The IOC navigates such an intractable situation through its values, which are its compass. This is why the IOC’s athlete-centred recommendations address its core values of peace, unity, solidarity and non-discrimination.

It is not an easy solution. But extremely complex political problems do not have easy solutions. Only populists pretend to have simplistic solutions for the most complex problems in the world.

The IOC’s position is clear: We condemned the war from the first day. We imposed unprecedented sanctions on the Russian and Belarusian governments.

As a global organisation, the IOC has to manage a complex reality. The world is not black or white. We are confronted with a cacophony of views and competing interests that are trying to pull us in different directions.

While 141 countries have, like the IOC, condemned the war, the international community is not as united when it comes to consequences of this condemnation. The IOC has learnt that 52 governments, representing only 15 per cent of the world population, have, like the IOC, imposed sanctions on the Russian and Belarusian governments. This is not to say that one side is right and the other is wrong. This is just to describe the reality of a divided and fragmented world.

While the IOC sees very encouraging signs that, overall, its values-based approach is working, the different interests are still trying to pull it in different directions.

There is the Russian side, which considers the strict conditions to be unacceptable, humiliating and discriminatory. The Russian government accuses the IOC of acting against its political neutrality, while at the same time this very same government is shamelessly trying to put together fully politicised sports competitions.

There is the Ukrainian side, which denounces the IOC for siding with Russia. Its government  insists on the “total isolation” of all Russians and Belarusians, because it considers everyone with a Russian or Belarusian passport to be a supporter of the war. This even goes as far as banning athletes with intellectual disabilities from taking part in the recent Special Olympics.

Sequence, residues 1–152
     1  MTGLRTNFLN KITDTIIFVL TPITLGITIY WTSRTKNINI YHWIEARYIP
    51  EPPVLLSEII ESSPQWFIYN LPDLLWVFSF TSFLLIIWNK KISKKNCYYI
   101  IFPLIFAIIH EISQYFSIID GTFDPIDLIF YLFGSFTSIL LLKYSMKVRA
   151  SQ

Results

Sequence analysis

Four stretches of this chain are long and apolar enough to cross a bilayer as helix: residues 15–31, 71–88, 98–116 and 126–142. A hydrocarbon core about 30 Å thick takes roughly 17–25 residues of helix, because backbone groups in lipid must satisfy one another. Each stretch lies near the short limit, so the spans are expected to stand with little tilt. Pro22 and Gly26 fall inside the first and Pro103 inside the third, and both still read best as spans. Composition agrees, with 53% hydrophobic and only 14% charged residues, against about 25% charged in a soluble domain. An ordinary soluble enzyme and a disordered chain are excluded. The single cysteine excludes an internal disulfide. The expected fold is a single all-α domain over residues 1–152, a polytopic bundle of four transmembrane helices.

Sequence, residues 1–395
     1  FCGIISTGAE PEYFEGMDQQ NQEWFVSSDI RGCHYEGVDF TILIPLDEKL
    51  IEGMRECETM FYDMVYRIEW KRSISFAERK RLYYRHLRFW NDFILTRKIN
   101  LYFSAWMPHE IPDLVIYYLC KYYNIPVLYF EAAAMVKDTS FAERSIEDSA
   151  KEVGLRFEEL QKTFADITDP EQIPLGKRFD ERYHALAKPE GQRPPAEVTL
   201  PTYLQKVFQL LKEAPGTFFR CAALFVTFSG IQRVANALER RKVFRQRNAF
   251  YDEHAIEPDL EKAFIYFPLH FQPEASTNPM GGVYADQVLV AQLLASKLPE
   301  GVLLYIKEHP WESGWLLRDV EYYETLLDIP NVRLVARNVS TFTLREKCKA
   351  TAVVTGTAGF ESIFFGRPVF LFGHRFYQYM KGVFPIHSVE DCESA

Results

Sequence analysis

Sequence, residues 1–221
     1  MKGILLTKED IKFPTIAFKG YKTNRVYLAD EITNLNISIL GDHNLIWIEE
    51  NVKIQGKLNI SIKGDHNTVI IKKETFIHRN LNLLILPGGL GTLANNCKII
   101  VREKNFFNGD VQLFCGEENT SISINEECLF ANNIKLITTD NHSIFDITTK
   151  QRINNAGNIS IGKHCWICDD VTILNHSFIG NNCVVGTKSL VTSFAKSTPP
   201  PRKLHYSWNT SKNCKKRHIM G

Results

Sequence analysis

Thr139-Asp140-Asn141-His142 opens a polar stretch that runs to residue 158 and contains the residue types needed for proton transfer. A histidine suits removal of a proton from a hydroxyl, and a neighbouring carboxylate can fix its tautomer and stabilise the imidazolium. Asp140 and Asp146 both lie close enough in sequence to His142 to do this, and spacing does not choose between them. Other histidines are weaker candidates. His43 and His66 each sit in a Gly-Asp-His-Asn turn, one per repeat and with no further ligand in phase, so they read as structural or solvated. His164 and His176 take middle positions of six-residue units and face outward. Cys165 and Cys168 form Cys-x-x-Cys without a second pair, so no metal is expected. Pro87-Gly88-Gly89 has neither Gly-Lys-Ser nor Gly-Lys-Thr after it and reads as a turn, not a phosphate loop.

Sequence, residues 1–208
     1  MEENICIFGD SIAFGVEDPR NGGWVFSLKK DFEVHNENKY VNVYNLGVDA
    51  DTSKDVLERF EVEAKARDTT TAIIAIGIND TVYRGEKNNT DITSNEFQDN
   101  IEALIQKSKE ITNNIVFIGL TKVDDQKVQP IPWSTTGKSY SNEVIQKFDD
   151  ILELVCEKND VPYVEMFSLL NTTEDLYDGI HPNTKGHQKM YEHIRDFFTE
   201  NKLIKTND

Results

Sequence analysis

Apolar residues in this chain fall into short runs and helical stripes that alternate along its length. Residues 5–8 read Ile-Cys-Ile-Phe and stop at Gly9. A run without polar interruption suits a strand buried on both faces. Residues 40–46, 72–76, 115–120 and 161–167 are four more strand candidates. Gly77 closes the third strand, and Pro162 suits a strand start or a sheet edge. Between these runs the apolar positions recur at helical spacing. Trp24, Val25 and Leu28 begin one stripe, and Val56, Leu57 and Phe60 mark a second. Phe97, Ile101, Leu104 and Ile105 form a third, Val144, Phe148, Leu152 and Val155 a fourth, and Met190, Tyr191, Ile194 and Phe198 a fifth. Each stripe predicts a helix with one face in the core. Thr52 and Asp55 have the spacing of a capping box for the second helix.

The vast majority of the Olympic Movement stakeholders from across the globe – the athletes, the National Olympic Committees from all five continents, the continental associations and the International Federations: this overwhelming majority is calling on the IOC to continue with its athlete-centred approach to find a pathway – a values-based course of action – that defends the rights of all athletes.

In this time when our autonomy is being undermined by some governments; in this time when some forces want to divide the global sports movement; in these challenging times, this unity is fundamental for the future of values-based truly global sport.

If these divisive political forces were to succeed in their efforts to decide which athlete can compete in which competition, then we will end up with sports competitions only among athletes from like-minded political blocs. The Games of Political Bloc A. The Games of Political Bloc B. And probably separate Games for those countries which do not want to align themselves in one way or another.

In such politicised sport, universal Olympic Games will no longer be possible and World Championships, in the true sense of the term, will no longer be possible. This politicisation would be the weaponisation of sport. This goes against everything sport and the Olympic Movement stand for.

How are the IOC’s athlete-centred recommendations for International Federations and international sports event organisers on the participation of athletes with a Russian or Belarusian passport in international competitions working?

The overwhelming majority of the world’s athletes respect or support the IOC’s approach. The IOC is encouraged by the many IFs that have organised international sports events and even world championships successfully applying our recommendations.

At the European level, the Individual European Fencing Championships took place in Bulgaria in June. The International Fencing Federation had moved these championships from Poland to Bulgaria because the Polish government had interfered in the autonomy of sport by refusing to issue visas for individual neutral athletes with Russian or Belarusian passports. This necessary relocation to protect the autonomy of sport proved to be successful. In Bulgaria, individual neutral athletes were able to participate. At the same time, it is important to note that Ukrainian athletes participated in the championships as well. However, the Ukrainian athletes were allowed to compete only in those disciplines in which individual neutral athletes did not participate.